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Randy Brecker: Overdue Ovation

Putting the band back together is a family affair

Randy Brecker (photo: Ada Rovatti)
Randy Brecker (photo: Ada Rovatti)

If a biopic or TV series of Randy Brecker’s life was produced in Hollywood, it would likely require multiple actors to successfully capture his varied career. It’s hard to think of another accomplished jazz musician who has excelled in so many different styles of popular music: hard bop with Horace Silver and Art Blakey; big band with Mel Lewis, Clark Terry, and Duke Pearson; jazz-rock with Blood, Sweat & Tears and Dreams; fusion and funk with the Brecker Brothers and Jaco Pastorius; Brazilian music with his then-wife Eliane Elias; pop, rock, and R&B as a first-call studio musician in the ’70s and ’80s. Did I mention that he also owned and ran a jazz club—Seventh Avenue South—for several years in New York City? (When it closed in 1987, his brother Michael called it “the end of an error.”)

But the 74-year-old trumpeter is no chameleon. He always sounds like himself, an expressive player with amazing range and chops. As one half of the famed Brecker Brothers, alongside his saxophonist brother Michael, he established a horn-section sound that lives on in their own recordings as well as countless others. After losing his brother to leukemia from a rare blood disorder in 2007, Randy understandably put aside the band they had created to focus on his own diverse career as bandleader, sideman, and guest soloist. But in more recent years he’s picked up the torch again, creating the Brecker Brothers Reunion Band, featuring many musicians from the group’s long history and, in the tenor-sax chair, his wife Ada Rovatti, with whom he also recently recorded the album Sacred Bond: Brecker Plays Rovatti. That’s in addition to a new album with alto saxophonist Eric Marienthal, Double Dealin’, as well as a live 1980 archival set from the original Brecker Brothers Band, Live and Unreleased.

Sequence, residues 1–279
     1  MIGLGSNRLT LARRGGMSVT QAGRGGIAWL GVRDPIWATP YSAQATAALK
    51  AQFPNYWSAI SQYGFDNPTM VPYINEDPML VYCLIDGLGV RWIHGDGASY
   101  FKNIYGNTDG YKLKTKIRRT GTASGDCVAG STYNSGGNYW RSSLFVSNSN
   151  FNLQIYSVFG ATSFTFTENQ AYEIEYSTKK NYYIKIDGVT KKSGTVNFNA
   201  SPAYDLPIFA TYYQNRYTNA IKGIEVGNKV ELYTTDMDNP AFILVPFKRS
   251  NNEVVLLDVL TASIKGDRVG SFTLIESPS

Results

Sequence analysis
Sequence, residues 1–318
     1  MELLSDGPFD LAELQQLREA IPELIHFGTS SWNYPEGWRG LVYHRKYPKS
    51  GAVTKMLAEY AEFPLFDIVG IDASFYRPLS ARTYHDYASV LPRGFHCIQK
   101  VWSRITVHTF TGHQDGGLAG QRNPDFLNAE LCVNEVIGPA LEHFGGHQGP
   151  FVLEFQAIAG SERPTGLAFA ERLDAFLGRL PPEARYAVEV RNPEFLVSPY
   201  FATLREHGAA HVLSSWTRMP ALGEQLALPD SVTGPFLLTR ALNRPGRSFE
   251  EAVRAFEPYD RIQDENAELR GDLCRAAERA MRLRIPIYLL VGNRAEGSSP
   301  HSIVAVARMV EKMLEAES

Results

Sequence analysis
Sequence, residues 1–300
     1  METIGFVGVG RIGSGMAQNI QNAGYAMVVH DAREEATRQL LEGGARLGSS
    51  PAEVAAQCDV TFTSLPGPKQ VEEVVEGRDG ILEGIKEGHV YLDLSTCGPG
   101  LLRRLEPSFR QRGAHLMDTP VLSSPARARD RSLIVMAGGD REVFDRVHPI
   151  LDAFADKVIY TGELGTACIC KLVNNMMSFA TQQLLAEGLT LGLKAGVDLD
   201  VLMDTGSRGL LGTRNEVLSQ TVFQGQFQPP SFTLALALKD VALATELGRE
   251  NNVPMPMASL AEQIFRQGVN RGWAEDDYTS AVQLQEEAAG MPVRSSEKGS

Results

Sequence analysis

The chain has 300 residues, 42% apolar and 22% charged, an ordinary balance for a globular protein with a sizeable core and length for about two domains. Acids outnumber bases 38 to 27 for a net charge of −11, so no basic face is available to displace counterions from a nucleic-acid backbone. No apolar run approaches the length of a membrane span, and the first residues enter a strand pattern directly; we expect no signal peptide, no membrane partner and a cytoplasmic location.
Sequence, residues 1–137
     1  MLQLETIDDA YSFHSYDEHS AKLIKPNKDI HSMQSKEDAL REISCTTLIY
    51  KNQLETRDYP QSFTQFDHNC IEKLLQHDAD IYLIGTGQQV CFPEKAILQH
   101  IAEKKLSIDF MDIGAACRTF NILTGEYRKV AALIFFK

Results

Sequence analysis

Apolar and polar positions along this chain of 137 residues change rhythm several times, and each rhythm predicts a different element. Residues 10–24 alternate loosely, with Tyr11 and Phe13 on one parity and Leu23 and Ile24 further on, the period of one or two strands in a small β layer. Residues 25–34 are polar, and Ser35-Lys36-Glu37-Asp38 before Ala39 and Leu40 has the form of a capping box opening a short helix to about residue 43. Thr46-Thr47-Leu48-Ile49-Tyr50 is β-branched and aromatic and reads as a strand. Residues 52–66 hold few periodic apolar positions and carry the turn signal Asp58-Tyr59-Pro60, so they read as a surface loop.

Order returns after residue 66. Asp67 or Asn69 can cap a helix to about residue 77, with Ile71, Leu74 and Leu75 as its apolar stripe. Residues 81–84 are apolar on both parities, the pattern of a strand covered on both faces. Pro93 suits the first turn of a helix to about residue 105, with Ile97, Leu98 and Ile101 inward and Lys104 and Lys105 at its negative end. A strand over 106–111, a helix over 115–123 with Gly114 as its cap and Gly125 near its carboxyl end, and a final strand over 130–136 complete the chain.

Brecker attributes his long, successful career to being in the right place at the right time, starting with his hometown of Philadelphia in the ’60s, “a virtual potpourri of music coming together,” as he describes it by phone from his house in the Hamptons. From there, it was off to Indiana University, where he not only met a wide array of talented players but also embarked on a 16-week State Department tour with his classmates. After the tour ended in Greece, they saw a notice in DownBeat for an international jazz competition in Vienna—oddly, the only year it was ever held—which paved the way for Brecker to make serious connections in New York, where he completed his degree at NYU and established himself on the club and studio scenes. Eventually he, brother Michael, and drummer Billy Cobham became key members of the seminal jazz-rock band Dreams. After Cobham left to join the Mahavishnu Orchestra, in Brecker’s words, “the band kind of fell apart.” However, the drummer would soon end up hiring both brothers to play in his own band.

“It was during this period, around 1974, that I started to write some music,” Brecker remembers, “having the thought that my brother and Dave Sanborn, who had just moved to town, would make a great horn section. We had kind of a jazz-fusion-funk rehearsal band—Don Grolnick was in it writing, Steve Khan also writing, then Chris Parker, Will Lee, me, Mike, and Sanborn. We got together every week. I had nine tunes and I was ready to start doing a demo.”

Before that happened, though, Brecker got a call from jazz record exec Steve Backer. “He’d heard about the music—it circulated around town because we’d been rehearsing a long time—and he said, ‘Clive Davis just started a new label called Arista. He’d like to sign you, but you have to call it the Brecker Brothers.’ I protested and said, ‘Look, I’ve just written all the music and it’s supposed to be a solo record, and it’s going to look funny because Sanborn is in the front line, there’s three of us. He’s going to look like a long-lost cousin.’ But those kinds of opportunities, as they say, knock only but once, so about a week later I said, ‘Sure, call it the Brecker Brothers.’” And one of jazz-rock’s most influential bands was born.